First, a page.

Dec 9, 2009

too complicated

It’s interesting that Richard Dawkins on one hand is well known for criticising the of concept God, i.e. the God of Christian theism, as being a being too complex to actually exist; or at least have any explanatory power – and yet he is found suggesting that if God does exist, he’s going to be “bigger and a whole lot more incomprehensible” than our current God. Is it just me, or is it the Dawkins claim that some kind of God type thing could possibly exist but only if it’s a bit more complicated than those religious dolts think?

Perhaps we should just take this as Dawkins admitting he has no interesting philosophical arguments against God’s existence. This, in any case, has been clear enough to various philosophers for a little while.



    (okay to be fair, complex and incomprehensible are listed as synonyms for abstruse.) But the moral of the story is that complex and big/incomprehensible are not quite the same thing - especially not in sense that he uses them. Though I tend to agree Dawkins doesn't have a whole lot of philosophical arguments for atheism (since there are no new arguments for atheism anyway). Anywho, the point of these ramblings was to ask if you're planning to go and see Dawkins speak when he comes to uni next year?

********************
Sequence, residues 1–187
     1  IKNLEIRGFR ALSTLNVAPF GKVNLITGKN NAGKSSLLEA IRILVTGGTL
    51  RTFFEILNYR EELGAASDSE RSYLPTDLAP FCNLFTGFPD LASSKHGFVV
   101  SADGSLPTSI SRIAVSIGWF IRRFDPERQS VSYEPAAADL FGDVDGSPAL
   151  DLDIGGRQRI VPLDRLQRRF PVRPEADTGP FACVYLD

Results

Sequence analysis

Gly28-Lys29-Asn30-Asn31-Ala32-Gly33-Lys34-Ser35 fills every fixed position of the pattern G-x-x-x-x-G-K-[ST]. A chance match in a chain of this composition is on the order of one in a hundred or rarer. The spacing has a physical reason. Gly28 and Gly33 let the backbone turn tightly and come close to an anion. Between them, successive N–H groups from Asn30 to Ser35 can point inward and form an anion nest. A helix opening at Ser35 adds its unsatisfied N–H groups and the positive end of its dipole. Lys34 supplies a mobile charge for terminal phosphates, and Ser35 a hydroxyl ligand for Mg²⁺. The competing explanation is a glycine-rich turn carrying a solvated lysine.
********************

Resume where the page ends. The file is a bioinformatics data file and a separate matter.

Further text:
2. Thanks for the English lesson senor. I'd love a chance to see the mighty Dawkins visit our world in the flesh, but as we have found, there are complications therewith.

    I was, I note, thinking more along the lines of "intricate" which you will note is also a synonym for both.

    Perhaps I was being too clever; perhaps. But I wonder if my point remains. Would not the god of the future who is apparently acceptable to our Oxford friend not also fall foul of the complexity barrier? With all due respect, pointing me to the Internet with a little chuckle at my supposed ignorance of words does not solve the puzzle;

    Who made Dawkins' friend? If he/she were to reveal himself to us; in the enlightened future where everyone is "bright"; without providing a cogent naturalistic account of his/her own origin, it appears that the D man would be duty-bound to reject said revelation as opposed to the spirit of science - or am I talking crap?

    To rephrase: Dawkins' main objection to God seems to be that he is no good as an explanation for the reductionist scientist as he is complex. How would this god of non-revelation which might somehow exist be any better and why, as an aside, can these arguments for simplicity, or against reductionism, if indeed they exist, not be used for the real God?


  3. Sorry, intricate is a synonym by way of abstruse for incomprehensible - but perhaps you get the point.
    There are a couple of interesting arguments against the comprehensibility, or perhaps better "coherency" of Dawkins' position there anyway.
    Also, he doesn't necessarily need to offer new stuff if he can do the old stuff well - I submit that, for all his passion, he fails there.

  4. I think Dawkins is doing a climate change denier trick (comparison ends there though):
    - The world isn't warming. But if it is warming it is natural. If it's not natural then there's nothing we can do about it.
    - God doesn't exist because of the complexity problem. But if God does exist then he's probably a bit more interesting than the God of traditional monotheism.

    I don't think there's anything wrong with presenting two mutually exclusive arguments just in case one is wrong. Sometimes it might look a bit silly though. But maybe I'm not getting what you're saying?